Figure 1. Clip Opacity Applied Using Applied Effects Palette/Opacity Panel Expanded In Premiere Elements 13/13.1.

Opacity applied using Alpha Adjust keying video effect, See Figure 2

Figure 2. Alpha Adjust For Opacity Application To Clip In Premiere Elements 13/13.1 Fx Effects/Keying/Alpha Adjust.
The Alpha Adjust keying video effect includes controls for Ignore Alpha, Invert Alpha, and Mask Only. Both ways of adjusting clip Opacity appear to give the same result, but......

ISSUE

What is supposed to be gained using Opacity applied using the keying video effect named Alpha Adjust versus Opacity applied from Properties Palette or Applied Effect Palette?

SOLUTION 

Which Opacity to use depends on the rendering order wanted in Timeline or export.

The key points for deciding which Opacity to use....

  • Rendering order (apparently in Timeline and in export) affects how opacity interacts with visual effects where the alpha channel indicates transparency
  • The rendering order goes Video Effects first, the default panel options in Properties Palette or Applied Effects Palette next, and then alpha channel adjustments. And, there is a top to bottom ordering of the list in each of the these categories.
  • According to this rendering order, Alpha Adjust/Opacity from fx Effects/Keying would be done before Opacity from Properties Palette or Applied Effects Palette.
  • The Adobe recommendation is "If you want opacity to render earlier or later than certain effects, or if you want to control additional opacity options, apply the Alpha Adjust video effect".
The above key points on the use of Alpha Adjust can be found in the description in the Adobe Premiere Elements document on Effects Reference and the Adobe Premiere Pro document named "Adobe Premiere Pro Help / Compositing, alpha  channels, and adjusting clip opacity". Although the latter reference is targeted for Premiere Pro users, it is interesting reading for the Premiere Elements user. 

COMMENTARY

To answer the Premiere Elements Mac user's question about using Alpha Adjust for green screen effect.....No way is seen to use Alpha Adjust as a color key replacement for any of the program's green screening tools, such as ChromaKey, Green Screen Key, Difference Matte, or even Videomerge. However, Adobe writes
Alpha channel‑based keying effect
The Alpha Adjust Key effect lets you invert or turn off a clip’s alpha channel or convert areas without transparency to a mask.
But, that is all for clip once it has an alpha channel (transparency). The imported green screen video does not until color-based keying effect is applied to the clip.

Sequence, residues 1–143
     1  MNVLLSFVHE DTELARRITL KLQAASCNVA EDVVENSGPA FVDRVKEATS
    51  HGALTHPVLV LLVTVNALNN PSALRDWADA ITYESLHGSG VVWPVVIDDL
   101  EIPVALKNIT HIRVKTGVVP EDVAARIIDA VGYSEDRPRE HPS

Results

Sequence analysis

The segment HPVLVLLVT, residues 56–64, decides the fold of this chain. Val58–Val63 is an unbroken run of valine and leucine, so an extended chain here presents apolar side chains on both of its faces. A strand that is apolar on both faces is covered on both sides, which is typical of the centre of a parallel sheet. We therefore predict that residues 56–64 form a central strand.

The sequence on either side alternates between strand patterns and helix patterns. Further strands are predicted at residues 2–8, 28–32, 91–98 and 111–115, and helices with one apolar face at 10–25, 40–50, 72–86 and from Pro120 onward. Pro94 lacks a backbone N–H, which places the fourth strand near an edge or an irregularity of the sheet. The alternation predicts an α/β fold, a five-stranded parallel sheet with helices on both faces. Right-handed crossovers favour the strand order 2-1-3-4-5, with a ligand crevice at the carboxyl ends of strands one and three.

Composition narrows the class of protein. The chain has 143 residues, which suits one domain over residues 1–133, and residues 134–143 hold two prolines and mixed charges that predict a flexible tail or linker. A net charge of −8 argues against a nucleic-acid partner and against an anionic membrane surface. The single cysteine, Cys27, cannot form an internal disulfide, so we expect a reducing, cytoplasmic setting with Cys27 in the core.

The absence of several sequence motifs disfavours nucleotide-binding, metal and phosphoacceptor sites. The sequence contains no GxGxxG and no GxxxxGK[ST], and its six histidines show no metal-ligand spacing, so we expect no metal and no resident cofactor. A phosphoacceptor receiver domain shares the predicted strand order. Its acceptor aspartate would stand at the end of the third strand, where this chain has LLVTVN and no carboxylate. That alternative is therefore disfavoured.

Example....

Given clip with purple snow flake image on a solid green background. There is no transparency in that clip. If the clip is on the higher track, the whole image on this clip will be the only one seen.


Figure 3. Purple Snow Flake On Solid Green Background.

If the Alpha Adjust is applied to the clip in Figure 3, there is no way for Alpha Adjust to convert selectively the green to transparency leaving just the purple snow flake on a transparent background. However, the whole clip can be taken to total transparency by moving the Alpha Adjust Opacity slider to 0%.

If instead Green Screen Key is applied to the clip in Figure 3, the green color can be converted to transparency (represented by black) leaving just the purple snow flake. See Figure 4.

Figure 4. Green Screen Key Applied To Clip Shown In Figure 3.

When a plant background image is placed on a track directly below that of this purple snow flake surrounded by transparency, the image below will show through that transparent area in clip on the upper track and be seen.

Now, if the Alpha Adjust is applied to the clip which has had its green replaced with transparency using the Green Screen Key, the opportunity is gained to interpret the alpha channel (transparency where green color was) in the clip using the Alpha Adjust controls of Ignore Alpha, Invert Alpha, Mask Only.

Consider the example of this purple snow flake on its transparent background (from Green Screen Keying) on Video Track 2, and plant background image on Video Track 1. The following shows the effects of changing the Alpha Adjust controls at a fixed Alpha Adjust Opacity setting.

Alpha Adjust Opacity 100%, Ignore Alpha, Invert Alpha, and Mask Only options each Disabled.



Alpha Adjust Opacity 100%, Only "Ignore Alpha" Enabled



Alpha Adjust Opacity 100%, Only "Invert Alpha" Enabled



Alpha Adjust Opacity 100%, Only "Mask Only" Enabled




______________________________________________________________________________

*An offshoot of this study was going over the ways to export a Timeline content with transparency and maintain that transparency in the export. The following expands on our previous writings on this matter in the more recent versions of Premiere Elements.

An Example Given For Premiere Elements 13/13.1
Publish+Share
Computer
QuickTime
and under the Advanced Button/Video Tab of the preset selected, the essentials are:
Video Codec = Animation or PNG
No check mark next to Render at Maximum Depth
Depth = 32 bit

Publish+Share
Computer
AVI
and under the Advanced Button/Video Tab of the preset selected, the essentials are:
Video Codec = None
No check mark next to Render at Maximum Depth
Depth = 32 bit
 

**"Fixed Effect" details can be found in the Adobe document "Adobe Premiere Elements Help/Effects Basics".



ATR